K: First I’d like to give most credit to our creator and showrunner, Gregori J. Martin.  He puts his heart and soul into it and it wouldn’t be possible without him.  I’m grateful that he not only appreciates my work as an actor, but that we make a great team as business partners. I believe being a great producer has a lot to do with understanding how great teamwork happens.  It feels great to be a part of such a great team.  For one who’s doing multiple positions, there’s the upside and downside to it.  The downside is having to do too much at once, of course, where the overlap isn’t appropriate. This usually occurs due to a lack of organization due to never enough pre-production time. The most efficient way for us to get a great turnout is to bring on the most capable producers and production management, who have a clear understanding of the process when you are working under the gun and particular taste of the show. When something goes wrong, it is what it is, accept it quickly, then right away, more important than looking toward who’s to blame, this is a prime moment to encourage the team to stay banded together and expend energy on nothing but effort to just solve the problem. Each time we reach a solution, we get stronger and better. My producer involvement takes place creatively for the most part, as a company executive, and I try make sure things don’t overlap too greatly. It’s no more a balancing act where one position taxes the other, than the fact that when you step into another position, and understand that positions POV fully, it will support your awareness of how you can best serve the production from the contrary position. It makes us wiser to be able to see the same object from multiple angles. The process can be more enjoyed on a deep level int the process your thoughts and dreams becoming reality.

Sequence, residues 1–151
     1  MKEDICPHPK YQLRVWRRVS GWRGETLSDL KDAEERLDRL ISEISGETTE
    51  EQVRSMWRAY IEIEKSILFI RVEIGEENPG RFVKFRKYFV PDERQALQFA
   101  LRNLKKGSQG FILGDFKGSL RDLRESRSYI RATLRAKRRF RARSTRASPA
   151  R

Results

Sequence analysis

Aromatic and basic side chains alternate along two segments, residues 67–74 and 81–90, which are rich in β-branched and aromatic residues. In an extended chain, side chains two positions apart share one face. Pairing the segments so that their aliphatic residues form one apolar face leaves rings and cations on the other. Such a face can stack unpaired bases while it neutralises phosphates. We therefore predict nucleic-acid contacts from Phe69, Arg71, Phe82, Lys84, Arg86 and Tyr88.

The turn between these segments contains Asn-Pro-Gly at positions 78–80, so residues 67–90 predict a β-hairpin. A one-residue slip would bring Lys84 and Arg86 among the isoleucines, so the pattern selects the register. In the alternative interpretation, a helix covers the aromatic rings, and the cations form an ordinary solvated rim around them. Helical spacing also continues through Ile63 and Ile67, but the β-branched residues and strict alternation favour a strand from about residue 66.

VM: The Bay has been pre-nominated for more than one Daytime Emmy. First of all, congratulations on the kudos and recognition. How does it feel to be so intimately involved in a show that has garnered so much attention and love?